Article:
The following are some of the disposal options available for household medication waste:
- Chemotherapy pharmaceuticals should be returned to the clinic that dispensed them.
Mail Back. If no collection facilities are available in your area, you may find postage paid mailers at your local chain pharmacy or by searching the Internet for keywords such as "medication mail back."
There are no laws that forbid households from putting medication into the trash. Household waste is exempt from classification as hazardous waste ( RCRA 40 CFR 261.4(b)) and as medical waste (California Health and Safety code Section 117700) although California banned several household wastes from the trash (excluding pharmaceuticals). If take-back programs or mail back options are not available to you, and if your local household hazardous waste facility does not accept pharmaceuticals, then as a last resort, disposing nonchemotherapy medication in the trash is probably your best option. Mix medicines (do not crush tablets or capsules) with an unpalatable substance such as dirt, kitty litter, or used coffee grounds; place the mixture in a container such as a sealed plastic bag; then throw the container in your household trash.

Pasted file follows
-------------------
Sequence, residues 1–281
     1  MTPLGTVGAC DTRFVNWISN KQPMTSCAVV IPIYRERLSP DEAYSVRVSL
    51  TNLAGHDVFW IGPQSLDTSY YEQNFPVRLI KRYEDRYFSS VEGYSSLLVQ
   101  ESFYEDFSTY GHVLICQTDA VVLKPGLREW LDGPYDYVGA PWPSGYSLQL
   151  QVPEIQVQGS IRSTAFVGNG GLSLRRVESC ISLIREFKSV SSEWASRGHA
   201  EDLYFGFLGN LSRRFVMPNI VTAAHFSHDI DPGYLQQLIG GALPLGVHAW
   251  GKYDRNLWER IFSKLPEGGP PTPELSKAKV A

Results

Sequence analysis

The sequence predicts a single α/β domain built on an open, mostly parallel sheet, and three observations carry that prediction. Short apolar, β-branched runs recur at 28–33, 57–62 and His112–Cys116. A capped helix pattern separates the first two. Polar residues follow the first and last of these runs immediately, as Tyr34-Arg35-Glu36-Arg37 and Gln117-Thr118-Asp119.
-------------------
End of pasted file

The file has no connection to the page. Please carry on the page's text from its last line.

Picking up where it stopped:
Wastewater treatment plants are not designed to remove pharmaceuticals and studies show exposure to even low levels of drugs has negative effects on fish and other aquatic species, and also may negatively affect human health. Thus, we recommend households do not dispose of waste medication down the drain or down the toilet. This includes any prescription or nonprescription substances intended to be swallowed, inhaled, injected, applied to the skin or eyes, or otherwise absorbed.
Note: Due to security concerns, the U.S. Food and Drug Administration lists a small number of drugs that it recommends flushing including Oxycodone, Duragesic (Fentanyl) patch, Demerol, Methadone, Morphine, and Percocet.
For More Information
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